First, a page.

New strat­egy an­nounced to com­bat Afghan opium trade

The Washington Times Weekly - - National - By Brian Black­well

The Bush ad­min­is­tra­tion on Aug. 9 an­nounced a new strat­egy to re­duce drug traf­fick­ing in Afghanistan, the world-wide leader in opium pro­duc­tion.

The five-pil­lar plan also aims to in­crease the cen­tral gov­ern­ment’s con­trol over the coun­try, where a dra­matic rise in the har­vest­ing of opium is seen as con­tribut­ing to an in­crease in ter­ror­ism.

“What we are try­ing to do is dra­mat­i­cally in­crease in­cen­tives in poppy seed re­duc­tion,” said Thomas Sch­we­ich, the deputy as­sis­tant sec­re­tary of state for In­ter­na­tional Nar­cotics and Law En­force­ment Af­fairs. “Also we’re look­ing for harsher dis­in­cen­tives where poppy seed pro­duc­tion is in­creas­ing.”

The area un­der poppy seed cul­ti­va­tion in Afghanistan sky­rock- eted from 20,000 acres when the Tal­iban was ousted from power in 2001 to more than 400,000 acres last year.

In a re­port ac­com­pa­ny­ing yes­ter­day’s an­nounce­ment, the State De­part­ment cited ev­i­dence that Tal­iban com­man­ders re­ceive fi­nan­cial sup­port from opium pro­duc­tion.

Ad­di­tion­ally, the re­port said, Tal­iban com­man­ders are “pro­vid­ing se­cu­rity/safe pas­sage for drug ship­ments and are col­lect­ing ‘do­na­tions,’ both money and sup­plies, such as ve­hi­cles from wealthy traf­fick­ers, to sup­port the Tal­iban cause.”

The five pil­lars of the strat­egy are:

Pub­lic in­for­ma­tion. The plan calls for a greater fo­cus on the link be­tween opium pro­duc­tion and the in­crease in ter­ror­ism in Afghanistan.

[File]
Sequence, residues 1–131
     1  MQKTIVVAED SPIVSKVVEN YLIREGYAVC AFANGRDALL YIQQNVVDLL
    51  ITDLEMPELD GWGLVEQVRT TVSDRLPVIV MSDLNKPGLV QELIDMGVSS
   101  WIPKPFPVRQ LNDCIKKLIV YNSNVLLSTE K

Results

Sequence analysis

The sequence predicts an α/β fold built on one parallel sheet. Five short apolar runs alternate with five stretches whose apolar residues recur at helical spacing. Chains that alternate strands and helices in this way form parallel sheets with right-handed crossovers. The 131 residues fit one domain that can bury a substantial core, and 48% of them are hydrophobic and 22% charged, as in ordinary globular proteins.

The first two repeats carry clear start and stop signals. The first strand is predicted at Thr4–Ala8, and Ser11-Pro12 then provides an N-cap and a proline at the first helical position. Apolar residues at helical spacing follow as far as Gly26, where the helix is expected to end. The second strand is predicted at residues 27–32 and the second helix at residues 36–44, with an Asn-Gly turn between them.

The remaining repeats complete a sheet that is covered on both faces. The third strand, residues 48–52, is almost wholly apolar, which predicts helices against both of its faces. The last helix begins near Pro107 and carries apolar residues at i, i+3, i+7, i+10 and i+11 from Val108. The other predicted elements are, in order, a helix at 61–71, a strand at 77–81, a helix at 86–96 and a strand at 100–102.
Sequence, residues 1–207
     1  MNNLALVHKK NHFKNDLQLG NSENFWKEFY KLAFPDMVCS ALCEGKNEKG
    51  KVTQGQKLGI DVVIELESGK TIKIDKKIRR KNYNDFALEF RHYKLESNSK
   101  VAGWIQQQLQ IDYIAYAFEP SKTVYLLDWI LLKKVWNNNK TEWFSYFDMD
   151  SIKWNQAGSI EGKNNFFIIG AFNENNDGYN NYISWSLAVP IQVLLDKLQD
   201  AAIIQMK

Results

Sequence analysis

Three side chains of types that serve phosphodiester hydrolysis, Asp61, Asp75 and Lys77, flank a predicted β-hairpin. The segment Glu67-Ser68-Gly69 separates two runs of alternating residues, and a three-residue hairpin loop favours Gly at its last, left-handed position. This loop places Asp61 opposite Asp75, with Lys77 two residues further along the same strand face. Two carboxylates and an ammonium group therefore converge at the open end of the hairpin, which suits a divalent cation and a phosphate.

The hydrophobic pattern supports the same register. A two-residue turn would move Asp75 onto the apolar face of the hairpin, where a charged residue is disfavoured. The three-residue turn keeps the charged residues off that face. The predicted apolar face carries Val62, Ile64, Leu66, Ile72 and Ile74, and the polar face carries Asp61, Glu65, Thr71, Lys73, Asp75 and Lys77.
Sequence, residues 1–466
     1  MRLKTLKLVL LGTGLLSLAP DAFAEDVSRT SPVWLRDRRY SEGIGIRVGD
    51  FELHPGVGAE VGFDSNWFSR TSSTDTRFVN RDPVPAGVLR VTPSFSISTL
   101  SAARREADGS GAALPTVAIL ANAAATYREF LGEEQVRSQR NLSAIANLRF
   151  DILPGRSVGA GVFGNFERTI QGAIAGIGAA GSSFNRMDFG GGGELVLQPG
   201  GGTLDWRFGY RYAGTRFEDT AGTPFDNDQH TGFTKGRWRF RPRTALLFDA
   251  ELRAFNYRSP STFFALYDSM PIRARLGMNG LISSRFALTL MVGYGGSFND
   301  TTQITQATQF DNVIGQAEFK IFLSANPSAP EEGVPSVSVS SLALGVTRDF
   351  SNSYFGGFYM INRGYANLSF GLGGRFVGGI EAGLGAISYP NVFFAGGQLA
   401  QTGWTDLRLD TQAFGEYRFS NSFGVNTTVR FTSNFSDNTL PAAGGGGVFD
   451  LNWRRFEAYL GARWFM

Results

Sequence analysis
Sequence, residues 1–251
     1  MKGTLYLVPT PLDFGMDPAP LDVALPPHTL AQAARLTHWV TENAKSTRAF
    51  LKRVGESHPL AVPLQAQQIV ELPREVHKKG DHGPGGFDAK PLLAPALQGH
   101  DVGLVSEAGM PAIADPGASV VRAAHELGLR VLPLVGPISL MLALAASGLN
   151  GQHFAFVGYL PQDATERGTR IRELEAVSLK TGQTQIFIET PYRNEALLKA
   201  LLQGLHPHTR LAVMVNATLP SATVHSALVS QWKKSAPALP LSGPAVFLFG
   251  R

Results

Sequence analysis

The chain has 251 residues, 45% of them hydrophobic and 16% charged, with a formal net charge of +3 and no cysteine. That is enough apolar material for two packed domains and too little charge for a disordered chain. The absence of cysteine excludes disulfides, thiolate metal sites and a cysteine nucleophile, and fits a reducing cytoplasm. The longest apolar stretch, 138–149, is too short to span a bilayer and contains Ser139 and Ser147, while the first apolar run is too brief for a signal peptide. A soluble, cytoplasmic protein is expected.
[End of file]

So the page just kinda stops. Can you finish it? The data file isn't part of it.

“Through­out the year, in­ter­dic- tion suc­cesses and the ar­rests of high value tar­gets should be widely pub­li­cized through­out the Afghan me­dia,” the re­port said. “Pub­lic in­for­ma­tion em­pha­sis on in­ter­dic­tion serves to dis­pel mis­in­for­ma­tion that coun­ternar­cotics pro­grams only tar­get poppy farm­ers and to demon­strate that no one group is be­ing un­fairly tar­geted.”

Al­ter­na­tive de­vel­op­ment. The re­port said that many fam­i­lies have turned to opium cul­ti­va­tion be­cause Afghanistan is one of the world’s poor­est coun­tries. Through an al­ter­na­tive de­vel­op­ment pro­gram, the gov­ern­ment hopes to pro­vide short- and long-term al­ter­na­tives for opium planters.

The pro­gram also will pro­vide be­tween $25 mil­lion and $50 mil­lion in in­cen­tives to pro­vin­cial lead­ers who re­duce or elim­i­nate opium pro­duc­tion in their ar­eas.

Poppy elim­i­na­tion/erad­i­ca­tion. The re­port sug­gests that a “na­tional net poppy re­duc­tion tar- get be­fore the fall of 2007 plant­ing sea­son [should be es­tab­lished] to cre­ate an at­mos­phere of ac­count­abil­ity.” Those prov­inces that ex­cel in re­duc­ing or elim­i­nat­ing poppy pro­duc­tion could be re­warded, the re­port said.

Such re­wards could in­clude spe­cial grants for projects of in­ter­est to pro­vin­cial gov­er­nors, in­ter­na­tional recog­ni­tion and pro­mo­tions to pres­ti­gious po­si­tions.

In­ter­dic­tion/law-en­force­ment op­er­a­tions. The U.S. gov­ern­ment will pro­vide the Coun­ternar­cotics Po­lice of Afghanistan with the abil­ity to pro­tect the el­e­ments of the five-pil­lar strat­egy, the re­port said. Such aid in­cludes train­ing, equip­ment and men­tors for the force un­til the spe­cial com­mand force is able to op­er­ate on its own.

Jus­tice re­form/pros­e­cu­tion. The re­port calls for the Afghan gov­ern­ment to ex­pand its abil­ity to pros­e­cute drug traf­fick­ers. Dur­ing the next few years, the U.S. gov­ern­ment in­tends to in­crease its jus­tice sec­tor sup­port for the Afghan gov­ern­ment.

Agence France Presse / Getty Images

Afghan Na­tional Army sol­dier on pa­trol in the main city of Ghazni prov­ince on Aug. 9.

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